#01 event report: Capitalism with(out) Chinese Characteristics?

September 28, 2010, Bridge Café (Wudaokou)

Speaker:  Kate Westgarth, China Coordination Team, Foreign and Commonwealth Office, UK


The main aim of ThinkIN China’s first event was to analyze corruption, a pivotal topic that represents one of the main aspect of the variegated Chinese reality. Moreover, being loyal to ThinkIN China beliefs, the debate intended neither to criticise nor to reduce such an intricate topic to banal distinctions. On the contrary, it sought to penetrate the topic with curiosity and genuine interest. Kate Westgarth presented the public a valued insight about corruption in China, particularly, its historical and cultural roots and related problems the Party has in managing and handling such a critical issue. Westgarth has an extensive knowledge of China, being the Head of China Coordination Team in United Kingdom’s Foreign Office. She is now on sabbatical studying at The Marxism Academy. During her career she spent more than ten years in China and has written about the Party, leadership and Xinjiang*.

The starting point of any analysis of corruption in China, according to the speaker, must deal with the differences existing between the West’s concept of corruption and the Confucian tradition of seeking social order through morals and harmony of personal relationships, rather than through law and punishment. Western universalist thought states that corruption can be controlled through an independent judiciary, official states that corruption can be controlled through an independent judiciary, official transparency and an enhanced supervisory role for both the public and the media.

However, it cannot be applied in a cultural and political context such as modern China, with its Confucian tradition and the predominant role of the Party in the State’s affairs.
It should be noted that corruption in China is not a phenomenon born or grown in the sixty years of Communist rule, it can be tracked to the Imperial times. General perception in China sees corruption and weak government as evidence of lack of legitimacy leading to the collapse of a political system. The main Party concern is linked to this general perception, namely to fight corruption without generating increasing public awareness on the problem, so as to avoid destroying the Party legitimacy. As Chen Yu said: “fight corruption too little and destroy the country? fight it too much and destroy the Party”.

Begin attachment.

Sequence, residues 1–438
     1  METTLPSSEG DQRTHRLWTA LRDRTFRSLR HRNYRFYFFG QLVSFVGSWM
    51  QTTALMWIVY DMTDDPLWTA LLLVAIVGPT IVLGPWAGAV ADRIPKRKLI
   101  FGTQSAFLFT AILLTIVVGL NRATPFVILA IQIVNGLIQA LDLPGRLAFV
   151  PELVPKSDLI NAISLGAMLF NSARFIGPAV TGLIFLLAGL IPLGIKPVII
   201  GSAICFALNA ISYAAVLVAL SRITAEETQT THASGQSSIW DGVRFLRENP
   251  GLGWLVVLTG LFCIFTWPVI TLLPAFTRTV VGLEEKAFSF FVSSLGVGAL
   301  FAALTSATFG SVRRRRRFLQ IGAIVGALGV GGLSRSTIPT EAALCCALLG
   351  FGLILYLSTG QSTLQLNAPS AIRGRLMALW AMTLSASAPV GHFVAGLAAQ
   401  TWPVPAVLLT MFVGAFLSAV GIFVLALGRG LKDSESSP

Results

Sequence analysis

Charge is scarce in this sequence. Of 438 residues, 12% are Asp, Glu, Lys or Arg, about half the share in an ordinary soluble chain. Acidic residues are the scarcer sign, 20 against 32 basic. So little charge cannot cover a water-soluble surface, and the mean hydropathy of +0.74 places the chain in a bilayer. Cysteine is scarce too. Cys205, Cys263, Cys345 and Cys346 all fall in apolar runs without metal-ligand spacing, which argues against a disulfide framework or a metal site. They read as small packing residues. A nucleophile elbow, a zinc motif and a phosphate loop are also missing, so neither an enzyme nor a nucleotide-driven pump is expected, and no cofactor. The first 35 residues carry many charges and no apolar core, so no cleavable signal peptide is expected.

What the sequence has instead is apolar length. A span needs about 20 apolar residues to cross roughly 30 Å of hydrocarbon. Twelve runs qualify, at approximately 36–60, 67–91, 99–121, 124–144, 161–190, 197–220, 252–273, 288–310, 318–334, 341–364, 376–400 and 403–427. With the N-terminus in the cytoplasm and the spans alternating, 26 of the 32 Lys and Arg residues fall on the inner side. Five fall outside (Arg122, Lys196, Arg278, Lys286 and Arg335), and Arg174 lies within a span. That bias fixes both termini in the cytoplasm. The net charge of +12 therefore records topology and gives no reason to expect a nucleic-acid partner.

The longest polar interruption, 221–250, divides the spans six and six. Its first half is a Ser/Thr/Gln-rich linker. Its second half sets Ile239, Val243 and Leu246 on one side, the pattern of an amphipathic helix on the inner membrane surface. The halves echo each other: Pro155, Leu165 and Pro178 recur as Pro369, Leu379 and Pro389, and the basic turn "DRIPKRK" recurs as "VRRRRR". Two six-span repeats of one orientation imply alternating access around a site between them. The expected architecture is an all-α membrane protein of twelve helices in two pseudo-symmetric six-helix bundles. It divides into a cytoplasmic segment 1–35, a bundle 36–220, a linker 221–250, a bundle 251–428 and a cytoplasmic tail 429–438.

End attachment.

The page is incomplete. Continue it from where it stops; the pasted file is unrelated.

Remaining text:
In order to face the spread of corruption, the Central Party Committee (CPC) has adopted a dual strategy. On one hand it relies on the Confucian approach of exhorting cadres to be the moral example in their work style through retro slogan as: “be the Party’s loyal guards and the masses’ best friends”. On the other hand, the Party has started the implementation of western remedies, such as rules based regulation and other tools as an ombudsman and public hotlines etc… Moreover, the Party has issued a Code of Ethics for Cadres, in which more than 52 practices are described as unacceptable and can be the basis for criminal law procedures. Nevertheless, the role of the media are more concentrated on covering big scandals (such as those concerning sons of Party nomenklatura) rather than of being the watching civil eye on public matters. In fact, while the leadership encourages reporting on local level malfeasances, it clamps down when reporters uncover cases considered inconvenient to the Party. Finally, according to Westgarth, “West’s panacea seems a very long way off”. It remains to be seen whether anticorruption with Chinese characteristics is anymore successful for the CPC than it was for previous dynasties.


Westgarth’s speech and analysis spurred much debate amongst the audience, Audience members engaged the speaker on issues such as the links between political power systems and economic networks, sexrelated political scandals, the role of Confucianism norms in Chinese society, judicial regulation and the potential of a freer press as a vehicle for tackling corruption.

The vivid debate created by Westgarth’s speech demonstrates the extensive interest of the audience in the matter. The theme of corruption is seen as crucial within the political and cultural discourse of modern China and its patterns of transformation.

(*)The views and opinions expressed by Kate Westgarth are a personal academic analysis, and therefore do not represent the official stance of UK Foreign Office, UK Government or generally UK diplomatic corp.